To determine k, assuming the edge of the disk is a node, as is the case in a free crystal, one obtains the value of x from Bessel function tables at the seventh node, which is the present case. At the seventh node out, one obtains the value of x to be 21.2. Substituting in Equation 3 the value of r at the edge of the disk, thev value of k then becomes Having thus obtained the value of k for this configuration, one then refers to the Bessel function table for the appropriate value of x for the location of the node adjacent'at which it is desired to place a groove. For example, in the present case it was preferred to groove the disk at the third node in from the edge surface, counting the edge as a node. In this case, the Bessel function gave a value of 15 (approx) for x in Equation 3, having already calculated the value of k for the configuration. By simple substitution, a radius r was calculated for the location of the node of interest, here slightly over 2.30. In this case, an annular groove having a center to center measurement of 2.24 inches and a width of 0.062 inch was selected thus providing an annular groove with an outer circumference of 2.30 inches. Hence, the groove lies just inside the fifth node from the center or axis of symmetry, and was extremely beneficial in suppressing the undesirable 30 degree side lobe encountered in the pattern. After the first cut has been made there may appear in a particular configuration other spurious or perturbation modes of vibration which contribute significantly to second and third side lobes in the crystal radiation pattern, that is, close to the axis of symmetry. This contribution is believed due to flexing of the crystal about the thin web of material remaining at the location of the annular ring cut previously described. The contributions to the side lobes of low number, for example second or third, may be diminished by insertion of a subsequent cut or cuts. The location of each cut may be determined by a process similar to that above described for location of the first cut, where for placement of any given cut the boundary provided by the inner edge of the next larger cut is to be regarded as the boundary of the disk mentioned in the above description of procedure for locating a cut. However, the role of a subsequent cut or cuts in reducing contributions to the side lobes of low number in the radiation pattern is believed to be different from any previously described in this specification. According to observations the role of this subsequent cut or cuts is to provide antinodes for flexing modes of vibration of the crystal, and the effect of increasing the number of antinodes is to shorten the radius of curvature of a Bessel function descriptive of the flexing vibration, this Bessel function being required to satisfy the antinodal condition at all cuts. This radius of curvature is thus made too short to allow this flexing mode to attain appreciable amplitude. Hence the role of cuts subsequent to the first in reducing amplitude of side lobes of low number where these are emphasized by introduction of the first cut, is to inhibit resonant flexing of the crystal.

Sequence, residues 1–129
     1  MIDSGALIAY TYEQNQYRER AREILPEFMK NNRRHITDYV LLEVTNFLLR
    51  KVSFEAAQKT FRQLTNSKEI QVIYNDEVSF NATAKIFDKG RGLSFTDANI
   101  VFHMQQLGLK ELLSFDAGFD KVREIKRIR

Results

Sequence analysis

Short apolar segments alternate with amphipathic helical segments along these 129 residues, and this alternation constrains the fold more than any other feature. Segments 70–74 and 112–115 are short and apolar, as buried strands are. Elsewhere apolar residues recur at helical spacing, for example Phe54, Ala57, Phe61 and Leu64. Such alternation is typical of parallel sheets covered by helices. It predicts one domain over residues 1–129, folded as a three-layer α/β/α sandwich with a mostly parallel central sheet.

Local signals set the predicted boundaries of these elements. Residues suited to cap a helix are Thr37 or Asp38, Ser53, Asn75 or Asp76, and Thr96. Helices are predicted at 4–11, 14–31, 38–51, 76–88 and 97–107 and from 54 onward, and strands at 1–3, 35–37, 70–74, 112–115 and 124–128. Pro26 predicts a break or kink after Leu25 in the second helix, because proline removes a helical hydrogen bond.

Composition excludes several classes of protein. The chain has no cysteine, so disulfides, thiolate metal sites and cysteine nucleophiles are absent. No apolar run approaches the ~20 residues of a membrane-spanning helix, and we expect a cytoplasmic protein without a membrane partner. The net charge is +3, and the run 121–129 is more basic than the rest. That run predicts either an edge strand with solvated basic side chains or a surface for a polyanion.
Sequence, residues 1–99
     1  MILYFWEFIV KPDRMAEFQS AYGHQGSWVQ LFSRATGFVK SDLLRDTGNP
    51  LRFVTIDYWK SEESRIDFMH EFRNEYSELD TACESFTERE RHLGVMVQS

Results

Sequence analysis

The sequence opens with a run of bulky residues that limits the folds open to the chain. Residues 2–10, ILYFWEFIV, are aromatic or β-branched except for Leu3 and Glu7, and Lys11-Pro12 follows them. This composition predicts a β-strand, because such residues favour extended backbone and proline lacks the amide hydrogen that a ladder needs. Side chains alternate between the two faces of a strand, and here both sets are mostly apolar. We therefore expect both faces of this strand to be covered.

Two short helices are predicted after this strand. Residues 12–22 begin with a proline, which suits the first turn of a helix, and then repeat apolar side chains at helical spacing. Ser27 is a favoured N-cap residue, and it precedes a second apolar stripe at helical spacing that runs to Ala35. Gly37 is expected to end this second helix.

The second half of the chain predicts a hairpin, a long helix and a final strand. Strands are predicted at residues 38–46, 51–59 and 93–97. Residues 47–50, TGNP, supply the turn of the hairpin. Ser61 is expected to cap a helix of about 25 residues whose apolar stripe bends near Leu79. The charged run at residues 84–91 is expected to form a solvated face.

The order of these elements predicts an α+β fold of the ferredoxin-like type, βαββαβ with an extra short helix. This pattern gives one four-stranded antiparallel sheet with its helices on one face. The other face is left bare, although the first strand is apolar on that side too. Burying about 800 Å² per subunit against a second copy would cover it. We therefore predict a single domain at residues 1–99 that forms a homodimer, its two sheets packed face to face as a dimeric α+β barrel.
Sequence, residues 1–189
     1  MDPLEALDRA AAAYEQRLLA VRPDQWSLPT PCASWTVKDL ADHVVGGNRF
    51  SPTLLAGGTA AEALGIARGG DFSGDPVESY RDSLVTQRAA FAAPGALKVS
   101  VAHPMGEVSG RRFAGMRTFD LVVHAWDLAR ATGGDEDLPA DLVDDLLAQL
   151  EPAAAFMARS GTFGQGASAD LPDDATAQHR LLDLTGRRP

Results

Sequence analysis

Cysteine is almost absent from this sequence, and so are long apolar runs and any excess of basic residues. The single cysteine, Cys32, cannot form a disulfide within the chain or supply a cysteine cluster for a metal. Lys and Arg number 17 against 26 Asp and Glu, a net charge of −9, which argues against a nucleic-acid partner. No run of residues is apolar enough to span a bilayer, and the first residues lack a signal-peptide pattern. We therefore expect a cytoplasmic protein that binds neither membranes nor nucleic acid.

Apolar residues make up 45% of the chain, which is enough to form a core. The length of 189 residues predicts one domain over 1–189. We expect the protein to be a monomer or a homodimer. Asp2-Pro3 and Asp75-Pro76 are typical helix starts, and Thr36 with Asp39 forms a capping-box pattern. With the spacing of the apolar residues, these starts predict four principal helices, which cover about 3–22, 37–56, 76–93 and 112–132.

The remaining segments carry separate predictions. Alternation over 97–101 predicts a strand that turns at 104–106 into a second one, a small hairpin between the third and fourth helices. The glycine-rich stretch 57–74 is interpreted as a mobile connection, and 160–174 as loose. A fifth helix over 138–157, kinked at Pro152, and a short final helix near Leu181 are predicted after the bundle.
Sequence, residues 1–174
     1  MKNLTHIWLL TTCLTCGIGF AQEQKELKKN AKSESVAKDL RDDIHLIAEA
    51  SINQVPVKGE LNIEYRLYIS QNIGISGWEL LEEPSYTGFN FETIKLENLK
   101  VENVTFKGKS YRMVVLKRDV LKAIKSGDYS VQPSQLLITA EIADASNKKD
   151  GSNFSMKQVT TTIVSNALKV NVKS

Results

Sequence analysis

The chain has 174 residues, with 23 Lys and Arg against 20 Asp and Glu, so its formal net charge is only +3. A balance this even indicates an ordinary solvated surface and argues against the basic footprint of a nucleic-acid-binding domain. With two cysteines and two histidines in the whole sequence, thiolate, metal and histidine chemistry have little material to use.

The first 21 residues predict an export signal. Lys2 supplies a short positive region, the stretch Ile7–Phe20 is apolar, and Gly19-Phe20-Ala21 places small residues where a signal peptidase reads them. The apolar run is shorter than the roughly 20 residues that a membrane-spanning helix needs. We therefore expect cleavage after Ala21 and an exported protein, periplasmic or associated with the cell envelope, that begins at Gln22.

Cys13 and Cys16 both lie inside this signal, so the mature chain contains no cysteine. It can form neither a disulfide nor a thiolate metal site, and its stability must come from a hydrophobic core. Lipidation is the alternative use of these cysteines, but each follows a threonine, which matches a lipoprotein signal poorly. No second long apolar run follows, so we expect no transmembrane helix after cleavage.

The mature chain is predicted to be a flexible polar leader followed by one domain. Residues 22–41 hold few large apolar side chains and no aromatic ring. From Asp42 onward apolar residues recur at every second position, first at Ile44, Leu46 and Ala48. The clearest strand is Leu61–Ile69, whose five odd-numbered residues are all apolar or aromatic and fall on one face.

It has been found most desirable to groove both-sidesever, it is only desired to have grooves on one face of the crystal, it will be appreciated that the" grooves are.
preferred on the signal generating face.
' Example 2 Ina similar manner to the illustration given in Example 1, the properlocation of grooves can be alculated for a transducer crystal disk having somewhat different dimensions. In this case, the disk utilized is 3.25 inches in diameter and has a thickness of 0.55 inch. The resonant frequency of this crystal is found to be 175 kc./sec- 0nd. From Equation 1 above, We see that the number of nodes of interest are four since Accordingly, the Bessel function table is consulted in order .to obtain the value of k in theEquation 3. At